Growing old forests

By: Karen Brasher

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Posted: 1/15/2021

Growing old forests Photo By: David Ammon

Plantation pine trees cover over 37 million acres in the Southeastern U.S. These timber resources provide wildlife habitat, carbon sequestration, recreation, and other environmental benefts. Importantly, for landowners, these resources provide revenue.

Conventional rotation or optimal harvest age in loblolly pine plantations is typically 30 to 33 years. Other species such as longleaf pine have much longer optimal rotation ages. However, the more a tree grows, the better the wood.

Forest economists in the Forest and Wildlife Research Center recently studied how much more income it would take for landowners to extend their fnal harvest by 10, 20, or 30 years.

"Southern pine are among the most intensively managed forests in the world," said Dr. Don Grebner, professor and head of the Department of Forestry. "Growing southern pine plantations on shorter rotations increases the proportion of juvenile wood in harvested saw logs when compared to growing older trees."

Wood quality increases with age, but there are risks and lost revenue, when extending the rotation from 30 years to 40, 50, or 60 years, Grebner added.

To determine the price premium landowners would require to extend the rotation, the economists simulated four southern pine stands for growth and yield using the Forest Vegetation Simulator southern variant.

"We simulated 48 management regimes from both even- and uneven-aged systems that included a combination of site indices and planting densities including maximum diameters in an uneven-aged pine system," Grebner said.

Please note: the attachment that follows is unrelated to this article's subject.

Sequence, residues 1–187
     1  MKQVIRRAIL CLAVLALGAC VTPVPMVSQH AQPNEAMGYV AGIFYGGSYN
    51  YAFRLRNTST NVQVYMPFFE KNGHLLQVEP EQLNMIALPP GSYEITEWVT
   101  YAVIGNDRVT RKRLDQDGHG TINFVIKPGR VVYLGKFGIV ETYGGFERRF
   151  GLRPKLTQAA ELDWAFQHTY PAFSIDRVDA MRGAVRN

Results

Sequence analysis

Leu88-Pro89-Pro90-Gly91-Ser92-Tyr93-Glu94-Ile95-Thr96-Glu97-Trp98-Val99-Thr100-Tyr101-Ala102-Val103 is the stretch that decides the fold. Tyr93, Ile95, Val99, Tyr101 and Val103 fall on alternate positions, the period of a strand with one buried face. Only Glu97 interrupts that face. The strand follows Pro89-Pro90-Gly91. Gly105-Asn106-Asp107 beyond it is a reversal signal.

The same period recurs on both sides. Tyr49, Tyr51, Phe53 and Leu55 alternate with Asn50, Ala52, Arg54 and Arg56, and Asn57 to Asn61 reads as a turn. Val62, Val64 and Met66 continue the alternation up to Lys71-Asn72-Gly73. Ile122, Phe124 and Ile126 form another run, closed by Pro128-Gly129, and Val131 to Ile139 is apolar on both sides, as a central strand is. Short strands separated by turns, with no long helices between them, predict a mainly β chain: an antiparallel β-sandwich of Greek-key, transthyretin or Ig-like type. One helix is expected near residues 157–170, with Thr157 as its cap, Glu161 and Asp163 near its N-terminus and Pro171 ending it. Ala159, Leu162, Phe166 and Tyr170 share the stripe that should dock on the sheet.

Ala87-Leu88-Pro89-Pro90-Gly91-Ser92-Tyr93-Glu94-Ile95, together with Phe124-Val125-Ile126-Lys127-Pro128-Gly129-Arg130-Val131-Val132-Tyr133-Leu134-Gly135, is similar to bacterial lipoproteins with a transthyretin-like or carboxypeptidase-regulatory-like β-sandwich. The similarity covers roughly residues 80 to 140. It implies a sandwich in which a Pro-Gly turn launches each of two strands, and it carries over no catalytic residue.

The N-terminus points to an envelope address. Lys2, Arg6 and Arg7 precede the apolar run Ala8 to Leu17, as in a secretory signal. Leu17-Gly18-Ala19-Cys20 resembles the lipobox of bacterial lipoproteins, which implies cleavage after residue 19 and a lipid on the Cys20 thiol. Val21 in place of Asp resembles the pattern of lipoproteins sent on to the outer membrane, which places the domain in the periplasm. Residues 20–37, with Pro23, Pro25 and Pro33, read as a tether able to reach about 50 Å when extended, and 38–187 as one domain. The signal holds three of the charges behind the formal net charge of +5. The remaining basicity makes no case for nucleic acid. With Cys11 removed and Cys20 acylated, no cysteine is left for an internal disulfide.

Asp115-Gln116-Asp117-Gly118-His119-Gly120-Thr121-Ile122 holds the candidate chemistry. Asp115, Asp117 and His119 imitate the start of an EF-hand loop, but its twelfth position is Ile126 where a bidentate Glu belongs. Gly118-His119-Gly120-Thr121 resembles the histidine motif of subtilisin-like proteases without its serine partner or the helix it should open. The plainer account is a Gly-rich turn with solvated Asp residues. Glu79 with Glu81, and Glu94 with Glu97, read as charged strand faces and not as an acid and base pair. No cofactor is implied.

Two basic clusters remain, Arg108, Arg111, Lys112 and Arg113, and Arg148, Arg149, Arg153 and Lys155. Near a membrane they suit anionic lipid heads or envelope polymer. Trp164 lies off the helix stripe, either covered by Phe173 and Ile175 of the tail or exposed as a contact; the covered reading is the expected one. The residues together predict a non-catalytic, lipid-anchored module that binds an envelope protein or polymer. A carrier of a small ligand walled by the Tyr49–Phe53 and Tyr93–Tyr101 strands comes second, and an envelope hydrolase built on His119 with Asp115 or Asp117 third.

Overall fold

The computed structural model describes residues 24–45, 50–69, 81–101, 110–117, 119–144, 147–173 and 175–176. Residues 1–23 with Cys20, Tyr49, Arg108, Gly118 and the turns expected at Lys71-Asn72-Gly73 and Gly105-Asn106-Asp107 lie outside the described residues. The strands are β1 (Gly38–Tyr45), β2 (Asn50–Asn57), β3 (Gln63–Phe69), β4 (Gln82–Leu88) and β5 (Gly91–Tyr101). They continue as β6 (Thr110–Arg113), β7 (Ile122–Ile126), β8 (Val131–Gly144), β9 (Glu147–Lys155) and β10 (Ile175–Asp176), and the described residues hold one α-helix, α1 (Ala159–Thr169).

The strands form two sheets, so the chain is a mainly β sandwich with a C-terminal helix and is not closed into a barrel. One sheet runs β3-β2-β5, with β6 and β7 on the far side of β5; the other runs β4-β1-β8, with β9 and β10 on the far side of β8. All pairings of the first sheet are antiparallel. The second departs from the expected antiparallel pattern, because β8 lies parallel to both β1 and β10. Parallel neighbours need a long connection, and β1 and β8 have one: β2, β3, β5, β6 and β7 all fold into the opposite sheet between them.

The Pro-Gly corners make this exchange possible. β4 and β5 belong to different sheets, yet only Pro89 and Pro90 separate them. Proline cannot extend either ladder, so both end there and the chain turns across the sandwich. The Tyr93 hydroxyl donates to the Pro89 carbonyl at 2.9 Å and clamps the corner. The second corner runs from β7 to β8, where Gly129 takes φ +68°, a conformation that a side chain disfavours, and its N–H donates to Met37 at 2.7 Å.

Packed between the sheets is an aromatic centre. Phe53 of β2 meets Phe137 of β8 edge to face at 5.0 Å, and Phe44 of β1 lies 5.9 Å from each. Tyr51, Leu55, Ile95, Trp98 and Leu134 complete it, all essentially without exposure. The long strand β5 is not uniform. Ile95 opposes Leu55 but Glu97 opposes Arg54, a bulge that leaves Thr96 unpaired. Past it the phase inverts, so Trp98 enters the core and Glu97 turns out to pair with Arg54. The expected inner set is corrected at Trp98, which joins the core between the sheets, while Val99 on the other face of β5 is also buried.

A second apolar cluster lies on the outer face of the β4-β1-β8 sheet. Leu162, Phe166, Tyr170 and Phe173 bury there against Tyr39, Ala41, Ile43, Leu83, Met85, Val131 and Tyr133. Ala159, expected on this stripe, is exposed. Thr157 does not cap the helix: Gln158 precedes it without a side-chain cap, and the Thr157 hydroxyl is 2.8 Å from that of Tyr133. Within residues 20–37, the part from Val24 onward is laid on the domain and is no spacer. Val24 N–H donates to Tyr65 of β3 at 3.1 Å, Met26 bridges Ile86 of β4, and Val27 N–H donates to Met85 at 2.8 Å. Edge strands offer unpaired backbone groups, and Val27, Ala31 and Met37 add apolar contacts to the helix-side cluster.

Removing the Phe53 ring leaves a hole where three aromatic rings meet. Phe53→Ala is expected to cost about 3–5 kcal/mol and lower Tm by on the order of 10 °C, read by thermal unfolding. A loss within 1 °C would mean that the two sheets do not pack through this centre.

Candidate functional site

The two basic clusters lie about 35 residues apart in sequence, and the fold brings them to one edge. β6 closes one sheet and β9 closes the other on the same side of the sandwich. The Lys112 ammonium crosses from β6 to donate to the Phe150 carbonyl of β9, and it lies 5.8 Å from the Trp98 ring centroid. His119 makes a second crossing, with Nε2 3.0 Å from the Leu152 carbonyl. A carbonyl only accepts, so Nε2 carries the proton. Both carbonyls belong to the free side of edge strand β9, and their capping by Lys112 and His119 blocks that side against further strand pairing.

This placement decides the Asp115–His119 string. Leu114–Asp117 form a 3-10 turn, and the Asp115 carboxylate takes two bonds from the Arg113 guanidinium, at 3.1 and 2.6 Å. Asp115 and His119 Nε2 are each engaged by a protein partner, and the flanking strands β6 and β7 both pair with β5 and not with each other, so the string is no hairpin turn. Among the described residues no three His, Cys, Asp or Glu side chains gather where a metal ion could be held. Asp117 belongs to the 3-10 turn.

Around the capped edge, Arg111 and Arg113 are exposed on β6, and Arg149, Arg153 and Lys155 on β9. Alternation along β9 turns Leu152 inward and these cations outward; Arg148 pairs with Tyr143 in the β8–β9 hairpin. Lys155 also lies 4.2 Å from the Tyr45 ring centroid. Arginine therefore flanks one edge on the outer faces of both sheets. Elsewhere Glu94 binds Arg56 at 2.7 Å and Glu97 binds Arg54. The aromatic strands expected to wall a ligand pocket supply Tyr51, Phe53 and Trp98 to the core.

The economists found that landowners would be willing to delay harvest of even-aged loblolly pine for 10 years for a price premium of $5.06 per ton, 20 years for $17.77 per ton, and 30 years for $37.92 per ton. The premium would be on top of the current stumpage value of timber. Loblolly is the most grown species of the four main southern pine species and had the lowest price premium. Longleaf generated the highest premium in the simulations.

For uneven-aged pine, scientists looked at delaying rotation by five years. In these scenarios, price premiums ranged from $1.40 to $3.39 to extend harvest from five to 10 years. Slash pine garnered the highest premium, while longleaf rendered the smallest price increase.

Armed with information on landowner premiums, the economists wanted to know if sawmills were willing to pay a premium.

"To our knowledge, this is the frst time sawmills have been surveyed to determine if they are willing to pay a premium price for high quality pine sawtimber," Grebner said.

Scientists surveyed 517 sawmills in the Southeast, 26 percent of which completed the survey.

"We found that 64 percent of the sawmills surveyed were interested in obtaining high quality sawtimber," Grebner said. "Over half of the sawmills were willing to pay a premium price for sawtimber, an extra $10 per ton for standing timber, and $13 per ton for delivered logs."

The sawmills specifed that they would be willing to pay a premium to purchase Grade 1 sawtimber, Grebner added.

The information is useful to landowners considering delaying harvest to grow sawtimber.

"Most forest landowners want to grow sawtimber for a multitude of competing interests, including revenue and wildlife habitat," Grebner said. "Delaying harvests could allow landowners to generate a premium price for their sawtimber while providing habitat for a suite of wildlife that need older grown timber to thrive."

The study was the topic of graduate research conducted by Arun Regmi. In addition to Grebner, Drs. Robert Grala, forestry professor, and John Willis, former assistant professor, worked on this project. This research was funded by the U.S. Forest Service and the MSU Forest and Wildlife Research Center.